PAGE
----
Dr. Rath Health Foundation

Dr. Rath Health Foundation

Responsibility for a healthy world Dr. Rath Research Institute 100+ Studies Published In PubMed

Death By Medicine

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Overview Of Statistical Tables And Figures

Adverse Drug Reactions

The Lazarou study (1) was based on statistical analysis of 33 million U.S. hospital admissions in 1994. Hospital records for prescribed medications were analyzed. The number of serious injuries due to prescribed drugs was 2.2 million; 2.1% of in-patients experienced a serious adverse drug reaction; 4.7% of all hospital admissions were due to a serious adverse drug reaction; and fatal adverse drug reactions occurred in 0.19% of in-patients and 0.13% of admissions. The authors concluded that a projected 106,000 deaths occur annually due to adverse drug reactions.

We used a cost analysis from a 2000 study in which the increase in hospitalization costs per patient suffering an adverse drug reaction was $5,483. Therefore, costs for the Lazarou study’s 2.2 million patients with serious drug reactions amounted $12 billion. (1,49)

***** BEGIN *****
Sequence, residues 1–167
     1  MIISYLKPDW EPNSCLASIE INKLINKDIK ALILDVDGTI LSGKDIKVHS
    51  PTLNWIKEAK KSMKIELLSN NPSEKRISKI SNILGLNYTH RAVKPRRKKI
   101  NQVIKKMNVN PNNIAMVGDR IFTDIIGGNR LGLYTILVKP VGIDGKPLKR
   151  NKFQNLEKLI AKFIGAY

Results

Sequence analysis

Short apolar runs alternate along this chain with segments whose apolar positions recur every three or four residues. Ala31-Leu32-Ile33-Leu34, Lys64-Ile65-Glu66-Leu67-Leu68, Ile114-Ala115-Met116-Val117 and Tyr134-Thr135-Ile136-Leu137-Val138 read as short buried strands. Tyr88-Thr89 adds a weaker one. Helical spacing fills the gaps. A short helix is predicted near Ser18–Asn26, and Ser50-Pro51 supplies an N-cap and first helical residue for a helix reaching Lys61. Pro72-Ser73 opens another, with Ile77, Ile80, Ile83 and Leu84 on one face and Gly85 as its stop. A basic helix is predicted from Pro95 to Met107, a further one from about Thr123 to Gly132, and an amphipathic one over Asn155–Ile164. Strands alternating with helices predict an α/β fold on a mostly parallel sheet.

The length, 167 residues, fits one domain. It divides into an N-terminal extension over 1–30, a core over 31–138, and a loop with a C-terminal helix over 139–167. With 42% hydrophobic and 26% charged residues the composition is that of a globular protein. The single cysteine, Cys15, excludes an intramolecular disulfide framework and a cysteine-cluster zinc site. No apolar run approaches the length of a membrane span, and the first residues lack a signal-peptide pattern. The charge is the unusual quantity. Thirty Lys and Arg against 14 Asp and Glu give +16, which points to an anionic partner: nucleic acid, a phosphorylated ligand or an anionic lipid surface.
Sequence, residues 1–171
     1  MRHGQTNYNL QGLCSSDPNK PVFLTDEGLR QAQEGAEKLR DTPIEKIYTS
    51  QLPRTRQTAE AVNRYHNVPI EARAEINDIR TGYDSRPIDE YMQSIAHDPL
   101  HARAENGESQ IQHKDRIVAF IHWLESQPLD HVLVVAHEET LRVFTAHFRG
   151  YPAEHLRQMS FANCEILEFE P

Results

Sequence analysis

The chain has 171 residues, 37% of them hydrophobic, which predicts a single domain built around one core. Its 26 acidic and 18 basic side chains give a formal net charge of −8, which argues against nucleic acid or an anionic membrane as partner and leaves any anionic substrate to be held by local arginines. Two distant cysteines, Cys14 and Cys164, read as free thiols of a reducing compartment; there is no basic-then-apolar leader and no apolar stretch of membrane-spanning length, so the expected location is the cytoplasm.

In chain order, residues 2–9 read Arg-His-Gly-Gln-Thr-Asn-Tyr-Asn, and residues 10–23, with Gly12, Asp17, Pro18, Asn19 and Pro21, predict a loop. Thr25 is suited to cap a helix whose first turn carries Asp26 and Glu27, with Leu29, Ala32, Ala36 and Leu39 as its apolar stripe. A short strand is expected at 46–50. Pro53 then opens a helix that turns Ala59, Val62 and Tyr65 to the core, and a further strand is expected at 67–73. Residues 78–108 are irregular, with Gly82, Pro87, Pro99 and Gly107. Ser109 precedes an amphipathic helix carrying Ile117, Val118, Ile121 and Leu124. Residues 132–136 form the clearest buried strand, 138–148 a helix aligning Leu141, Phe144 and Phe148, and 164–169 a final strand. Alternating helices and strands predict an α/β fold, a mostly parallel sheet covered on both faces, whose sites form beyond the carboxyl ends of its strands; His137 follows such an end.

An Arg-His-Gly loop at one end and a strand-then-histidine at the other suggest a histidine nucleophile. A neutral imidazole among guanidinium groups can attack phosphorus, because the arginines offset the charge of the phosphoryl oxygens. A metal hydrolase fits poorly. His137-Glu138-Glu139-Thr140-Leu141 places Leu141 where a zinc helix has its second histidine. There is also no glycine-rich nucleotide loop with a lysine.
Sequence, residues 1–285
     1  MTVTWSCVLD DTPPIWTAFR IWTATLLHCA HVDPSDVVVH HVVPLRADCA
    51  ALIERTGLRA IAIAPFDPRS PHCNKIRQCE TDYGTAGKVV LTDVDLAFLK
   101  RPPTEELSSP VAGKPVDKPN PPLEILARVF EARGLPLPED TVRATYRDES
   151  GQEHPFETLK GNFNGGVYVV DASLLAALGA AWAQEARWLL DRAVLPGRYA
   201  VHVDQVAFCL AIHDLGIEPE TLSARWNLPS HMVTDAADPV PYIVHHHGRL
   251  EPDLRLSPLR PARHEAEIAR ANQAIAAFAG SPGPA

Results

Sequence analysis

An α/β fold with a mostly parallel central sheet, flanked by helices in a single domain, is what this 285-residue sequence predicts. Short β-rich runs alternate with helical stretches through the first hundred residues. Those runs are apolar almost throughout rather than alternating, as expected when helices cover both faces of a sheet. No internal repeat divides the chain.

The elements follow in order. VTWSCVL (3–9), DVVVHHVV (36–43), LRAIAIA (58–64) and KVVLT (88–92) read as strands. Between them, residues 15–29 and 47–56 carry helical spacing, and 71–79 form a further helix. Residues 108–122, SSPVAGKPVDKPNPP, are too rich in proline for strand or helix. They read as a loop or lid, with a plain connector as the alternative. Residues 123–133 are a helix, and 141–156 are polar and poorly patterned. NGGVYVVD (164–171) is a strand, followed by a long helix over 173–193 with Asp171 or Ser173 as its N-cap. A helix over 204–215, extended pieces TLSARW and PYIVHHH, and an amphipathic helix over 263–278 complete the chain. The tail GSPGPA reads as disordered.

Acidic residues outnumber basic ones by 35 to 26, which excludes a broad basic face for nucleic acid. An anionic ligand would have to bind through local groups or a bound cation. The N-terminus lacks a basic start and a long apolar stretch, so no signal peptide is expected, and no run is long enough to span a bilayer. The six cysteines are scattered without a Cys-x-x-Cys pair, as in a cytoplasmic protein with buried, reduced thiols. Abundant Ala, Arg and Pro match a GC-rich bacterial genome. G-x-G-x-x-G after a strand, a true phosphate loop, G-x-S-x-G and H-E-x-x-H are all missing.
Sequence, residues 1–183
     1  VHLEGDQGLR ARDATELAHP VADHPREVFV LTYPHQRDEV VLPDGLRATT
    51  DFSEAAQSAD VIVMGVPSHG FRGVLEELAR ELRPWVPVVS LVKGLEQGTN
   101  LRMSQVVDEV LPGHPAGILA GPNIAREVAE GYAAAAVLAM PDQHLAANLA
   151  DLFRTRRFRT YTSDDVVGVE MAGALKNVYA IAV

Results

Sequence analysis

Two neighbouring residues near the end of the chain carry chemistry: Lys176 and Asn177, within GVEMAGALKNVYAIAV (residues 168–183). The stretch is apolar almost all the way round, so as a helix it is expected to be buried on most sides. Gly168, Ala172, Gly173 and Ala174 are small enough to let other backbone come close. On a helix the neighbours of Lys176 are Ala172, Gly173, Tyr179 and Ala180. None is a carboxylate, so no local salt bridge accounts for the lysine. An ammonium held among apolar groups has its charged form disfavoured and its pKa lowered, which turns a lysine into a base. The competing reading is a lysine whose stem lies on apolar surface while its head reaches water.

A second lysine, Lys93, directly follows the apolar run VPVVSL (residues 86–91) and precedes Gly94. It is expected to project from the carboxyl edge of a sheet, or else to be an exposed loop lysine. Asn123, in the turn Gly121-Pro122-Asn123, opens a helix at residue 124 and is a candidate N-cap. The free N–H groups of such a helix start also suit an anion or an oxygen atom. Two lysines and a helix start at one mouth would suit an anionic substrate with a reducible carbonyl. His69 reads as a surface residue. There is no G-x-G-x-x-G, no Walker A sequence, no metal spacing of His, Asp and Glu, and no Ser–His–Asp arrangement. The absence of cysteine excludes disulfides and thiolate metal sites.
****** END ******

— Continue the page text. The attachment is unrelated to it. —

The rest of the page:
Serious adverse drug reactions commonly emerge after Food and Drug Administration approval. The safety of new agents cannot be known with certainty until a drug has been on the market for many years. (110)


Over one million people develop bedsores in U.S. hospitals every year. It’s a tremendous burden to patients and family, and a $55 billion dollar healthcare burden. (7) Bedsores are preventable with proper nursing care. It is true that 50% of those affected are in a vulnerable age group of over 70. In the elderly bedsores carry a fourfold increase in the rate of death. The mortality rate in hospitals for patients with bedsores is between 23% and 37%. (8) Even if we just take the 50% of people over 70 with bedsores and the lowest mortality at 23%, that gives us a death rate due to bedsores of 115,000. Critics will say that it was the disease or advanced age that killed the patient, not the bedsore, but our argument is that an early death, by denying proper care, deserves to be counted. It is only after counting these unnecessary deaths that we can then turn our attention to fixing the problem.